Getting ready to leave for a weekend of canoeing and fun, I logged onto one of my helicopter websites for a final peek. One topic jumped out at me right away: Two news helicopters had just (in fact within that last hour) collided in flight while covering a “car chase” in Phoenix, Arizona. Onboard each helicopter was a pilot/reporter and a cameraman. Four dead, total. The other three(!) helicopters abandoned the car chase; they had a new story to cover.
Immediately, due to the incredible power and reach of the internet, I was able to click on links to the crash. One of them was a video from one of the helicopters actually involved in the midair, complete with the now-dead pilot’s narration, ending with a tense, terse, “Oh, jeez…” just as the image from the camera went haywire.
Mere words cannot express the sadness I feel whenever I hear about fatal helicopter crashes. They hit close. Really close. I can imagine the pilots in the cockpit…happily doing their thing and loving what they’re doing (it’s a trait we all share – no helicopter pilot hates his job)…unaware that they are moments from death…until it suddenly starts to go horribly wrong. I can feel their puzzled helplessness in those last few seconds as they struggle desperately to comprehend what’s happening so they can do something about it. Because that is what we all do up there. It wrenches at my heart and my gut. I didn’t know the pilots who died in Phoenix on Friday, but I’ve known plenty of others.
Then again, death is part of the risk. It is the ultimate price of not doing my job perfectly. I’ve said before, there are no “average” or even “pretty decent” helicopter pilots. You have to be damn good. Otherwise you’re damn dead. And sometimes, even being damn good isn’t enough. By all accounts, the guys in Phoenix were damn good pilots. And yet…
Once upon a time I was a radio traffic-reporter. I’d fly around for two-and-a-half hours, chronicling the travails of the New York City morning highway commuters in little 30-second reports. Composing the reports was not hard, but I found myself spending too much time staring at the roads below and not enough time watching for other helicopters in the busy New York airspace. I knew that, because one day I looked up and saw a corporate helicopter zipping close by from my right-front to left-rear. Luckily, the two pilots onboard saw me well before I saw them and they turned to avoid a collision. They did not say something like, “Watch where you’re f***ing going, willya?” over the radio, but they could have, I guess. That was my wake-up call.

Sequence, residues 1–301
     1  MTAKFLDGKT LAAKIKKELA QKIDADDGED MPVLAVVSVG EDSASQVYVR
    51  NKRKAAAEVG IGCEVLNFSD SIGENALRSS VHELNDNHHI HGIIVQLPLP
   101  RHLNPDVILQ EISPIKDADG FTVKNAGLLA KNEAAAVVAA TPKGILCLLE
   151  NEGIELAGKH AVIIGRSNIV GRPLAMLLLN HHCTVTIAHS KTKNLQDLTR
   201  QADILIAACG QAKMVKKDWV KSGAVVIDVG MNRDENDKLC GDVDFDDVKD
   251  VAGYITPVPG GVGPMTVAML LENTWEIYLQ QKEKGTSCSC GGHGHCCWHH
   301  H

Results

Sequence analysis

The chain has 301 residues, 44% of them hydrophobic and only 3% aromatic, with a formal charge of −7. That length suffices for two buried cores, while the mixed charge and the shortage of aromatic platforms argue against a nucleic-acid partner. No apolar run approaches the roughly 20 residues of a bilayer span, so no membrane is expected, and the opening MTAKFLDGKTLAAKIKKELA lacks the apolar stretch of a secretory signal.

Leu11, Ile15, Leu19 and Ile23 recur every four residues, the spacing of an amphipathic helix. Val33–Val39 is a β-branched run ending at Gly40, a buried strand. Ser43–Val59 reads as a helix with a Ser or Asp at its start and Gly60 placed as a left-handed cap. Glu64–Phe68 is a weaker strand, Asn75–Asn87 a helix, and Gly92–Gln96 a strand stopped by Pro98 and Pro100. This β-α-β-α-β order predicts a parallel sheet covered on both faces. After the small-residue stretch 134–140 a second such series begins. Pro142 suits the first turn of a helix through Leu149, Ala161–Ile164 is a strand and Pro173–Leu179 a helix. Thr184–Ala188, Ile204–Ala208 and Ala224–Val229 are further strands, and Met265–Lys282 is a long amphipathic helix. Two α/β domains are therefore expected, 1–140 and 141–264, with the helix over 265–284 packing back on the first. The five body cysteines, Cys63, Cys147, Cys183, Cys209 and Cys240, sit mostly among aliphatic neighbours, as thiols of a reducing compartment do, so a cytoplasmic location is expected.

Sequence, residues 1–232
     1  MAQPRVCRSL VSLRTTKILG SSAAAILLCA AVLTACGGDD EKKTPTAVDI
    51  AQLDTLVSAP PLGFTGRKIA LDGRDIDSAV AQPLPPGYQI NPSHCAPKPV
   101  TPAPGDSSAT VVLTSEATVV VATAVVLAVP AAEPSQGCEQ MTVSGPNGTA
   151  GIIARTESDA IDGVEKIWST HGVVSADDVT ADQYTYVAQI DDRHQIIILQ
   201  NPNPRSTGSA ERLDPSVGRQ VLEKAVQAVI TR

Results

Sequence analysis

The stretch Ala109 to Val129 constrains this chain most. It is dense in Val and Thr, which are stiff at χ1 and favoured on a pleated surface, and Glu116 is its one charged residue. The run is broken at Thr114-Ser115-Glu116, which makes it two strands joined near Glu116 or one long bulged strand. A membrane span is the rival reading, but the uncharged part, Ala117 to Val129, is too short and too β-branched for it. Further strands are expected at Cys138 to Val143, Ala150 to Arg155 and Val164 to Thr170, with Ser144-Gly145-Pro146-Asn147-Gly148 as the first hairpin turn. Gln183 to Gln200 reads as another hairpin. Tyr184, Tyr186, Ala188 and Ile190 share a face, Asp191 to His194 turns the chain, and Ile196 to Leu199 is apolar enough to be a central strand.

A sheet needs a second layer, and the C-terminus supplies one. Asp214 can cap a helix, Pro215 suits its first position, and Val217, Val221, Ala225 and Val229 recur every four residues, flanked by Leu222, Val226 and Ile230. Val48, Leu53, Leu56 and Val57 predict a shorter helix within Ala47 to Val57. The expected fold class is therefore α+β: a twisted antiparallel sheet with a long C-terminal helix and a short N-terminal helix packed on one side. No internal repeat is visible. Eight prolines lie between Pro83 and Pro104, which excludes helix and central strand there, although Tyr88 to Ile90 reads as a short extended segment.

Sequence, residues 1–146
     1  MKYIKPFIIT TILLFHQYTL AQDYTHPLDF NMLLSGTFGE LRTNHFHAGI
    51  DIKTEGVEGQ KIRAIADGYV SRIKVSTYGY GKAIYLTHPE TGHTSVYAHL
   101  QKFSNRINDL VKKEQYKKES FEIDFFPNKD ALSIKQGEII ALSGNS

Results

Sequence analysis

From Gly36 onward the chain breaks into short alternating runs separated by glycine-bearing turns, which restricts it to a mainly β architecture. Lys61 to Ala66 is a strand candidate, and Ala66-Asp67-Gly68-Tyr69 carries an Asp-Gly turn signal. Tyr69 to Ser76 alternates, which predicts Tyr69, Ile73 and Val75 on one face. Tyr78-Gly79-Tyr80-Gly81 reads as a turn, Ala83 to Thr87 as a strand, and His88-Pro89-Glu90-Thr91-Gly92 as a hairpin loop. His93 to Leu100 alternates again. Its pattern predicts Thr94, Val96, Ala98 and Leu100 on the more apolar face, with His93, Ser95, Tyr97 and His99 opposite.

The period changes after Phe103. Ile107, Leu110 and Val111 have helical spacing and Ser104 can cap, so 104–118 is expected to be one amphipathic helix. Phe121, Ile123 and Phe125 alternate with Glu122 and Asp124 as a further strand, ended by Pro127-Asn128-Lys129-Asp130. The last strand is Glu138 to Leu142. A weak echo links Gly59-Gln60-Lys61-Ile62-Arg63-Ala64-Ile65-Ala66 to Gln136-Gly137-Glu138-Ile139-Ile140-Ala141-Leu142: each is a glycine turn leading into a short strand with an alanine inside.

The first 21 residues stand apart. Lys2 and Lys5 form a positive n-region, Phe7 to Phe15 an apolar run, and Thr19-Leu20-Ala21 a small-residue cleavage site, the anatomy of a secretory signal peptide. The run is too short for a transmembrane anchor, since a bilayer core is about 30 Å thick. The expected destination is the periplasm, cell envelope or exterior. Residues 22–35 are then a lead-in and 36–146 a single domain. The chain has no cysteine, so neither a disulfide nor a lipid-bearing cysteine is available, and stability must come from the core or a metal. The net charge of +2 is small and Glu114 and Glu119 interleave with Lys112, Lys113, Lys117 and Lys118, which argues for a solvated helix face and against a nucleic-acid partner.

So I know how media pilots can get fixated on what’s happening on the ground and lose what we in the aviation biz call “situational awareness.” Thankfully, it doesn’t happen often. But ironically, the very first pilot/reporter was killed in a mid-air collision. He was a legendary guy named “Captain” Max Schumacher, and he covered ground traffic in Los Angeles for radio station KMPC. He and a police helicopter came together over Dodger Stadium one afternoon in 1966 with the same tragic results.
Okay, shit happens…get over it…move on. So they tell me. But accidents of this type bother me. I know that I’m good, but am I damn good? Man, I hope so. I try to be, is all I can say.
I do know one thing though. I am soon going to work for a guy who is buying a helicopter to use for his business. He’s a conservative guy, and has already told me that he wants the ship equipped with thunderstorm-detection equipment called a “Strike Finder.” It really does just what it says: detects lightning strikes – and lightning is what defines a thunderstorm. The Strike Finder is kind of…well, pricey. And we helicopter pilots usually fly low enough to visually avoid thunderstorms. But I’m not arguing! In fact, I’m going to suggest that we also add a collision-avoidance system to the instrument package. More tools, man – I want as many as I can get.
So we did go canoeing as planned this weekend: Matt, Alisha, Gracie and me. The day could not have been more perfect and the river was beautiful. The pictures taken show four seemingly happy people smiling and having a good time. I tried – didn’t want to spoil the others’ fun - but my heart and my head were not in it. They were with the families of the dead pilots and cameramen in Phoenix as they now try to deal with the aftermath of their shattered lives. I thought about their colleagues; both aviation and t.v. news are small industries and everyone knows each other. Must be a lot of grief out there right now. I would’ve preferred to stay home and be alone with my gloomy thoughts.
It usually takes me a while to process and work through these events. Sometimes quickly, sometimes not, eventually I do. Otherwise I’d never be able to get back in the cockpit. For I am a helicopter pilot. It is what I do, and I love my job.
But sometimes I really hate this business.